Monday, 16 January 2006


Well there you go. Another week over and a new one just begun, imagine all the workers stopping for a bit. You may say I’m a dreamer but I’m not the only one. I hope some day you’ll join us and we can all pop off home a bit early. In memory of J Lennon.

Charcoal, it’s not coal and it’s not char but it is possible to make from the comfort of your very own home, if your home is in the woods that is. Before going to bed I separate all the bits of the wood that have been on the fire so that they will go out. I guess I could leave the fire to burn itself out but that seems to be a bit of a waste of wood. The branches burn when they are together but when separated they seem to loose interest and smoulder for a bit before going out. There is no chance of this starting a forest fire because at this time of year everything is far too wet, some days quite a lot of encouragement is required to get anything to burn at all. This leaves all the embers behind and they give off a huge amount of heat and I used to leave them to burn themselves out, of late though I have taken to burying them in the ash from the previous fires in the hope that this would starve them of oxygen and so I would be left with charcoal. This kind of works, the next evening there are always a few nugget of charcoal to be found in the ashes, not as many as there were buried embers but a few.

These bits of charcoal are useful, along with the part burned sticks, in starting the next fire going as they catch fire a lot more easily than un-burnt wood. Yesterday had a fire in two parts; the right hand side was burning up with a lot of flames and throwing off enough heat to keep me warm whilst the left was much calmer. On the left I let the flames die down until there were just embers between two long logs, the far end of the logs was in the blaze on the right and where getting nicely dried out before getting fed in further as their ends burnt away. I rested the cooling rack across the two logs over the embers and barbequed chestnuts, chicory and a piece of chicken. If I could have found anything else beginning with a ch I would have barbequed that as well, sadly I had no chocolate so I had to make do without. After a while the embers started getting a bit low and the chicken wasn’t cooked and it occurred to me that I could use some of my stash of home made charcoal (feel free to nominate me for a Nobel Prize in reasoning). It worked! I don’t know why I was so surprised, probably past experience had taught me to prepare for failure. It was hugely satisfying to have made something and for it to work.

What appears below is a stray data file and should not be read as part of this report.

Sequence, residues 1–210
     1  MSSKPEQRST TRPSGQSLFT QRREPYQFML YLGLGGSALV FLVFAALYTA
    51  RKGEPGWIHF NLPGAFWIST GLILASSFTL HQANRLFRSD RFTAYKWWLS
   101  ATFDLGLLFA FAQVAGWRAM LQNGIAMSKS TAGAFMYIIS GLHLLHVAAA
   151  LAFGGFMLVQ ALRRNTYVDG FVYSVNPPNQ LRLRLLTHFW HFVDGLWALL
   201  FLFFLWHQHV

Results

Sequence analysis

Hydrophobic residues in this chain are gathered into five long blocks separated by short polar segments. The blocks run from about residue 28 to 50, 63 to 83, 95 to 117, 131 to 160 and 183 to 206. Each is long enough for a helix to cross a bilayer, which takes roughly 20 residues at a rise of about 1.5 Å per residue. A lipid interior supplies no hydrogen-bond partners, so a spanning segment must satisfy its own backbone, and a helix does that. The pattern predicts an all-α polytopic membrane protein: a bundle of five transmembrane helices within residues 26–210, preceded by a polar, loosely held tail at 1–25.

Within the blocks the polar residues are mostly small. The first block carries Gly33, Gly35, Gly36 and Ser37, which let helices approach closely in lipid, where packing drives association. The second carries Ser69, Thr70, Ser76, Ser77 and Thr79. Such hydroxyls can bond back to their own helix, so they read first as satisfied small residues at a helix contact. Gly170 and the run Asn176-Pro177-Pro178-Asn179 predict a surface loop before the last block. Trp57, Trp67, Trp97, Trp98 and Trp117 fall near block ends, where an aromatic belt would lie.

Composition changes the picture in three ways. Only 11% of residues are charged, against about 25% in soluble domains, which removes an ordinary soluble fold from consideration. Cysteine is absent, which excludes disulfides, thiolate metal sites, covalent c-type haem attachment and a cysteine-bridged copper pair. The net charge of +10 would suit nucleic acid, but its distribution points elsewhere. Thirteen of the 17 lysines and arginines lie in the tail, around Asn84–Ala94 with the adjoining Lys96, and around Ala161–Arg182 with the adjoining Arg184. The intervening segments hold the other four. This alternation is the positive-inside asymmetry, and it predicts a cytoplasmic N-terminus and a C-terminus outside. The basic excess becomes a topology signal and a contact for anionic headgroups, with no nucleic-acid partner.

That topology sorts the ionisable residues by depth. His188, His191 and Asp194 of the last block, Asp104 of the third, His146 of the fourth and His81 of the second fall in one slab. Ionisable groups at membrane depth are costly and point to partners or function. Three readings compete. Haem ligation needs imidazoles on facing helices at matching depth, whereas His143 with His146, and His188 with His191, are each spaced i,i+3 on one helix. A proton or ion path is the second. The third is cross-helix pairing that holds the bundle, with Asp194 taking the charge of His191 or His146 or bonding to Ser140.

The next task I have set myself is to light fire using a bit of stick and a bit of wood, you turn the stick around and the bit of wood starts to glow and then you use that to light a fire – simple. I have cheated a bit and have sent off for a hand-drill kit which I will learn how to use and figure out how it works before making one for myself.


Penny Munn said...

It is very interesting, how wood fires work. They get very hot in the middle provided the seat of the fire is sheltered by unburned wood as you describe. Because wood is such an effective insulator (keeping heat out as well as cold) the logs can be red hot on the inside and cool enough to touch on the outside. I've never really understood what charcoal is for. I mean, why half burn the wood and then set fire to it again once it's cooled? I would appreciate more explanation, since you seem to understand what it's all about.

Hugh Sawyer said...

Charcoal burns hotter and cleaner than wood, I believe that it is basically carbon with all the impurities taken out. The impurities leave as smoke during the process of making the charcoal, first white smoke = water then as blue / grey smoke phenols burning off then finally yellow smoke = the tar being burned off. What you are left with doesn't give off smoke and so is better to cook with as it will not leave a horrile residue on the food.

See for how to make charcoal at home. I understand that a lot of Charcoal, when made in managed woods, is carbon neutral, the carbon released is about the same as the carbon captured in growing the next year's harvest.

hunter said...

great blog. i have been trying to grill chestnuts and stumbled onto your sight. i can't seem to cook them for the right amount of time! to long-burned or dry, not enough time-crunchie. i have been suprised that others aren't cooking chestnuts on their barbeques.
how long have you been out there? how do you hook up to the web and recharge your laptop? this is all very cool. stay dry! hunter